I have always been impressed with the key role played by George Biddle, an artist and childhood friend of FDR, in founding the Federal Art Project, which employed more than 10,000 artists under the umbrella of the Works Progress Administration (WPA). He believed that the Arts could help lead communities out of the difficult situations they were facing and lay the foundation for culturally enriching and energising communities for the future.
At the basis of this program was Roosevelt’s belief, encouraged by Biddle, that the arts played a fundamental role in a democratic society. “I, too, have a dream,” FDR said, “to show people in the out-of-the-way places, some of whom are not only in small villages but in corners of New York City — something they cannot get from between the covers of books — some real paintings and prints and etchings …”
I firmly believe that in order to address the horrendous problems facing creatives today, it is time to take Roosevelt’s initiative. Artists must lead the way and encouraging their governments to consider adopting and developing a program like the WPA Federal Art Project.
There were three separate New Deal art projects: the Public Works of Art Project (1933–34), the Section of Painting and Sculpture (1934–43), and the Treasury Relief Art Project (1935–38).
The primary goals of these projects were to employ out-of-work artists and to provide art for municipal buildings and public spaces. Artists were paid a weekly wage; institutions such as schools, hospitals, and public buildings paid only for the cost of materials. It commissioned a significant body of public art, and sustained some 10,000 artists and craft workers during the Great Depression.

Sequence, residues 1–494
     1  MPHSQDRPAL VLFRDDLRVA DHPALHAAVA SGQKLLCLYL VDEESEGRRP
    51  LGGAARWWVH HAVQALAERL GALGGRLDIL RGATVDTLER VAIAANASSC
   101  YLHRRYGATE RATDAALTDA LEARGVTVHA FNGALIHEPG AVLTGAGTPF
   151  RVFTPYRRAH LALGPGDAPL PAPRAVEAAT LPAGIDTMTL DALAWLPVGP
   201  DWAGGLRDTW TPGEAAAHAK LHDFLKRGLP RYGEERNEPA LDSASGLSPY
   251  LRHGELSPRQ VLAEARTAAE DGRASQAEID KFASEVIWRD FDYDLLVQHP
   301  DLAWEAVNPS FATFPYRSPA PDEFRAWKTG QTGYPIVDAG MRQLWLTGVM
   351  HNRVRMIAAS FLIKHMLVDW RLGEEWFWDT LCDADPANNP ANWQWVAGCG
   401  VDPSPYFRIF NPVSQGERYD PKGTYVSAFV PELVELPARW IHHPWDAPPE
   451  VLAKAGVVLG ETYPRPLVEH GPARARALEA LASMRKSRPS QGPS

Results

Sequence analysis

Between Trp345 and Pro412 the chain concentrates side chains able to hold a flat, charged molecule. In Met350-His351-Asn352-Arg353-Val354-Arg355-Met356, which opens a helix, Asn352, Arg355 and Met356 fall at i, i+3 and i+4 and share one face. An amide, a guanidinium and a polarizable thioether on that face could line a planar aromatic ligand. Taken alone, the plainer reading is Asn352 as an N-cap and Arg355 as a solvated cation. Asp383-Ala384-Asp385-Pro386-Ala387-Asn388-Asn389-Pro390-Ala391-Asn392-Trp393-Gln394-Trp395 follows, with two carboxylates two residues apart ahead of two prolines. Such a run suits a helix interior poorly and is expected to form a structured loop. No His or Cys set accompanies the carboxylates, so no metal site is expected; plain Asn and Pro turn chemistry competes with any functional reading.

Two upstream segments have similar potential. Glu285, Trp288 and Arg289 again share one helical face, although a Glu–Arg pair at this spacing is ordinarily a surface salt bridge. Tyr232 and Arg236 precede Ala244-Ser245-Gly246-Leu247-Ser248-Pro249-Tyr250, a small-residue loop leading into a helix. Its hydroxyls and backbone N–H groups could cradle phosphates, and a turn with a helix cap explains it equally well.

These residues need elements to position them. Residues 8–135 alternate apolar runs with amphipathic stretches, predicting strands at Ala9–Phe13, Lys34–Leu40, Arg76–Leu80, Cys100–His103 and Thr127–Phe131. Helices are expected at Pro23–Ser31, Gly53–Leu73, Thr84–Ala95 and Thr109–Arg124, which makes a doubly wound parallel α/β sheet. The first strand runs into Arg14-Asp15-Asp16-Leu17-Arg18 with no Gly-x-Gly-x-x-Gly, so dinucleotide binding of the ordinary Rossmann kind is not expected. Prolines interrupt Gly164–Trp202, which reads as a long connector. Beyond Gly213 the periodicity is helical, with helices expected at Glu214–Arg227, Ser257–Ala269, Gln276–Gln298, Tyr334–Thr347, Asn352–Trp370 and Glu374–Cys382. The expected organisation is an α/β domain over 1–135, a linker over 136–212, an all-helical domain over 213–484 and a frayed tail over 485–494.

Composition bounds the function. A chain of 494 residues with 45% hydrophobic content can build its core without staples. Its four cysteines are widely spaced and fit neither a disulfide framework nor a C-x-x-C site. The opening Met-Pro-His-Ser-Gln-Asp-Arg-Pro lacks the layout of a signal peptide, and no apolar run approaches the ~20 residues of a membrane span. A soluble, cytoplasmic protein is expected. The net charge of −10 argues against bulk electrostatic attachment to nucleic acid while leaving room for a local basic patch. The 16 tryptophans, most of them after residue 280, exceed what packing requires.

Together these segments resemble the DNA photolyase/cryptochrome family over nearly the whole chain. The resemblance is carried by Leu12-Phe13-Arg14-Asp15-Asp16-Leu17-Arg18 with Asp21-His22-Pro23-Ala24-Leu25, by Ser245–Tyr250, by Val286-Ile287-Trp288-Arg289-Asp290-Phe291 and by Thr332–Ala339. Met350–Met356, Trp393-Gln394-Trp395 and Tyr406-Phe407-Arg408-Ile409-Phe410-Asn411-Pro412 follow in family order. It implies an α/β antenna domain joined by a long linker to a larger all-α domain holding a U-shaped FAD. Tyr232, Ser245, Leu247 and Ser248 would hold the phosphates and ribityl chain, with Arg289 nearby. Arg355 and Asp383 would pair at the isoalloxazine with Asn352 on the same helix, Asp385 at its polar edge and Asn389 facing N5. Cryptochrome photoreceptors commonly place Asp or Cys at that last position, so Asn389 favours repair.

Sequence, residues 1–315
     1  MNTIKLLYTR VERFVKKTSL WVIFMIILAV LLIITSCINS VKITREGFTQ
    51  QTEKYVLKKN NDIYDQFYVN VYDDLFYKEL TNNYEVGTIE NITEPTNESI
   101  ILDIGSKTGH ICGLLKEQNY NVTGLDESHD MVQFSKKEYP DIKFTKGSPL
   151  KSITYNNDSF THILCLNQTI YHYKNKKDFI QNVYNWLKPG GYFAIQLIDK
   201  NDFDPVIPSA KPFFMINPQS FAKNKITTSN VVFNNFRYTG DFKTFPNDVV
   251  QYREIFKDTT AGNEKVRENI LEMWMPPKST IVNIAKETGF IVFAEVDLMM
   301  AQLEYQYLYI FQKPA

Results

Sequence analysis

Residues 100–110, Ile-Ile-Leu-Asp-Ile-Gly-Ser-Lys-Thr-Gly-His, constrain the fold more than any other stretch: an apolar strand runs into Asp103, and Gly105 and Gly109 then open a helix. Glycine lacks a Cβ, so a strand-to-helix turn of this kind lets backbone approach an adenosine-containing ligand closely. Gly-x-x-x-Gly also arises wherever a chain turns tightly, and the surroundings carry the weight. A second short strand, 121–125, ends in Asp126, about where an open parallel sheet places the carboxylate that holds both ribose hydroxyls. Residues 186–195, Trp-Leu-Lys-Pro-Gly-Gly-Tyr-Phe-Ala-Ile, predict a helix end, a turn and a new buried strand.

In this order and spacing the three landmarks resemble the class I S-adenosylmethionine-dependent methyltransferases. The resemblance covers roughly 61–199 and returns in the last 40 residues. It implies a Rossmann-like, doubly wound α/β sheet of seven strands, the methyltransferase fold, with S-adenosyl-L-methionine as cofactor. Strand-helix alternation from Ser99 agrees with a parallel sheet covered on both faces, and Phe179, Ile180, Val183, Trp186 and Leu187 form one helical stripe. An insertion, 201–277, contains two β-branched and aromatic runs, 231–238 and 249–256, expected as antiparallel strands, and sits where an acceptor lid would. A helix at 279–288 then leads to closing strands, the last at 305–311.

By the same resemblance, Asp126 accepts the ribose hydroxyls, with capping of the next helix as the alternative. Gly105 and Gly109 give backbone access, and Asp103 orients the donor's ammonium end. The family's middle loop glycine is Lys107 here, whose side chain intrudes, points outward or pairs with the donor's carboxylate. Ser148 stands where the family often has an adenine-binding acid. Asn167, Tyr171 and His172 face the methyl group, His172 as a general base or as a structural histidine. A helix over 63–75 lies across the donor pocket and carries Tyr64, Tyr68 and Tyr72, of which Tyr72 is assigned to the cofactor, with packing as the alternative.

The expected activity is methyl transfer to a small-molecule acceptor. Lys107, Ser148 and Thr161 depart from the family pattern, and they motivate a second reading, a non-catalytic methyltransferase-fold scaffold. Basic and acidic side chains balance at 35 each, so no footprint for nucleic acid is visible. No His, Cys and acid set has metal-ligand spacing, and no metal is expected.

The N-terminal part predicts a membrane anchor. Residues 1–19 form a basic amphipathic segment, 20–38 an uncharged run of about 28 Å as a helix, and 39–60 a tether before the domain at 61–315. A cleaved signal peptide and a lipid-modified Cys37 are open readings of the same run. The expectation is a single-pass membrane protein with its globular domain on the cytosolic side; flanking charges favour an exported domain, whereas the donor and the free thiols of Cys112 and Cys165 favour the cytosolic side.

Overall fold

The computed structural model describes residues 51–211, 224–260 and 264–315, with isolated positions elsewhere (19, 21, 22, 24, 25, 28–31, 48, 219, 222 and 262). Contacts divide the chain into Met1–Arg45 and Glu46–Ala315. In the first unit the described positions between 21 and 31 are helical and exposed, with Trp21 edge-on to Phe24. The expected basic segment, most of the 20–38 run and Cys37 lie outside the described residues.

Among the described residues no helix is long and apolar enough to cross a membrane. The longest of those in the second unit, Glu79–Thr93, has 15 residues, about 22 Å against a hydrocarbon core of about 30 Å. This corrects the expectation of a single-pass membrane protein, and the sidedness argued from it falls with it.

Moreover, the programme sought to bring art and artists into the everyday life of communities throughout the United States, by establishing more than 100 community art centres that provided exhibitions and art lessons in cities and towns all over the country. And this, in turn, led to a national restoration of public spirit, improved well-being and improved mental health.
The result was that these programs not only kept artists in work, they gave an enormous boost to art in the United States, raised the morale of artists and led to the explosion of creativity in American art following the Second World War.
More than 200,000 works of art — murals, paintings, sculpture, graphic art, posters and photographs — were created as a result of the programme.
Now famous artists such as Jackson Pollock, Mark Rothko, Willem de Kooning and Dorothea Lange, whose iconic photographs of migrant families would come to define the era got their start in the Federal Art Project.
The national director of the project , Holger Cahill stated in 1936 that “The organization of the Project has proceeded on the principle that it is not the solitary genius but a sound general movement which maintains art as a vital, functioning part of any cultural scheme. Art is not a matter of rare, occasional masterpieces.”